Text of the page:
New Delhi, May 31 (Indus Prism) Delhi Chief Minister Arvind Kejriwal on Monday took a dig at Haryana Chief Minister Manohar Lal Khattar over his comment on the vaccination issue, saying his government’s aim is to “save lives, not vaccines”.
Taking a potshot at Khattar, Kejriwal said only vaccines can save lives of people so the sooner vaccines are administered, the more people are likely to be safe.
“Khattar Sahib, only vaccine will save people’s lives. The sooner the vaccine is administered, the more people will be safe. My aim is not to save the vaccine, but to save people’s lives,” Kejriwal tweeted.
Kejriwal’s remarks came after Khattar criticised the Delhi government’s decision to stop vaccination for people in the 18-44 age group — being covered under the Central government’s third phase of the vaccination drive.
Khattar had alleged that the entire objective behind Kejriwal government’s decision was to create drama.
The Haryana Chief Minister had advised Kejriwal to manage vaccine inoculation in a better manner since Delhi has been getting more vaccine compared to other states.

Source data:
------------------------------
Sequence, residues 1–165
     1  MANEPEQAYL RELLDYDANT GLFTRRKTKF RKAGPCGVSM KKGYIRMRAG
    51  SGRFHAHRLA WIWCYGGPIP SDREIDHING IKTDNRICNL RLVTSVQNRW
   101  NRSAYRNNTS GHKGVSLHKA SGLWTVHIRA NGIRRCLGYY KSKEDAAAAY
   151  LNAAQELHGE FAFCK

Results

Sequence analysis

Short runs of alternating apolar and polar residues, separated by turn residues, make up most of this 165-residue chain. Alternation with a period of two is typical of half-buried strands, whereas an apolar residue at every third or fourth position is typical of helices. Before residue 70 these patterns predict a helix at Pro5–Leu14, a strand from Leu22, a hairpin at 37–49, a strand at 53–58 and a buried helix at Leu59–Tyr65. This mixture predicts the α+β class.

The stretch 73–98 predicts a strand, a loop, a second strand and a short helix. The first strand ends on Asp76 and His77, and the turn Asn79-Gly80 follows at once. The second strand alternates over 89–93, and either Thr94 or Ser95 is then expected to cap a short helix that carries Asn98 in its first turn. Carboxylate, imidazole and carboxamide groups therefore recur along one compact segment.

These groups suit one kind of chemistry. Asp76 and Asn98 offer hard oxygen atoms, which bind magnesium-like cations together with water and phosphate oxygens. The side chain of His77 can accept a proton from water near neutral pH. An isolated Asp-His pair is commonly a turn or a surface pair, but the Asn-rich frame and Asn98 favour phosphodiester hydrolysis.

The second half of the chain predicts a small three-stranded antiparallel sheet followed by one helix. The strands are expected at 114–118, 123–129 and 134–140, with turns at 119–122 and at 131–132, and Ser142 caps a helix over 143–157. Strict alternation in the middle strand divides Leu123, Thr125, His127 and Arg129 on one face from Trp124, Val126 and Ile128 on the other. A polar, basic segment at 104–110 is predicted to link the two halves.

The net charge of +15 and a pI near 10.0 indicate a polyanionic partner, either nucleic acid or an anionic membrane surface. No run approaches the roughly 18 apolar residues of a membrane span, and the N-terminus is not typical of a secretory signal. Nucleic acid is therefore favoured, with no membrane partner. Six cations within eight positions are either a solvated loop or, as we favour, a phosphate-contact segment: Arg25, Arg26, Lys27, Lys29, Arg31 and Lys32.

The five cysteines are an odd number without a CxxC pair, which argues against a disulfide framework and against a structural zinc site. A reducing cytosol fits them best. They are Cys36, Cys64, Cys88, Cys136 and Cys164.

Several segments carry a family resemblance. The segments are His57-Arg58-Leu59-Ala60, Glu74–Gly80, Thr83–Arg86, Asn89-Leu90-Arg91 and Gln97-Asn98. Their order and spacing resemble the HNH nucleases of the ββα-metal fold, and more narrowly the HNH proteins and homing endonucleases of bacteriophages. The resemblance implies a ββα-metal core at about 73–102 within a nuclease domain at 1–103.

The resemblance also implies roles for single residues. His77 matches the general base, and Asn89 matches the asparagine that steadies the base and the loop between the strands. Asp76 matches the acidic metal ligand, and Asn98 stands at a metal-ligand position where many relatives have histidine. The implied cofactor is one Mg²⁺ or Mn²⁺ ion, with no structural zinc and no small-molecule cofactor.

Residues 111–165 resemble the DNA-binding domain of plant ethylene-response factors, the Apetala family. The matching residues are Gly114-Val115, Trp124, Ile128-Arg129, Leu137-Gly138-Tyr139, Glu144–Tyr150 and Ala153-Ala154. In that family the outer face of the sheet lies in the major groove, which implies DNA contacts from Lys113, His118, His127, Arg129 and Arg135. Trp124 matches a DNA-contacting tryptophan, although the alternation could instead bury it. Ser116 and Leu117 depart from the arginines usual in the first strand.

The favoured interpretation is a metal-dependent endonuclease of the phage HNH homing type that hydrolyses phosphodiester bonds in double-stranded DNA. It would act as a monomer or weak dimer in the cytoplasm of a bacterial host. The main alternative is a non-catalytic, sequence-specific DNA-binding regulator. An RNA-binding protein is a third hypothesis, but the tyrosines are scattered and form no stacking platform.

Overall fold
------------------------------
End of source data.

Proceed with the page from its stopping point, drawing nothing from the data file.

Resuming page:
“We can also end our vaccine stocks in one day by inoculating 2 lakh people in one day. But we are managing it by inoculating 50,000 to 60,000 people per day. If we would manage like this our vaccination process will continue. So, Kejriwal should follow these…,” Khattar said.
Kejriwal on May 23 announced the decision to stop inoculation of younger adults in the 18-44 age group, saying that the city was running out of stocks. He also appealed to the central government to increase the Capital’s allocation of vaccines against the coronavirus disease
Delhi received 1.6 million doses of Covid-19 vaccines this month, and its allocation for June has been halved to around 800,000, Kejriwal then said, adding that at this rate, it will take the city 30 months – or two-and-a-half years – to inoculate its entire adult population of around 15 million adults.
Kejriwal had reiterated that Delhi needs around 8 million doses per month to vaccinate all adults in the next three months.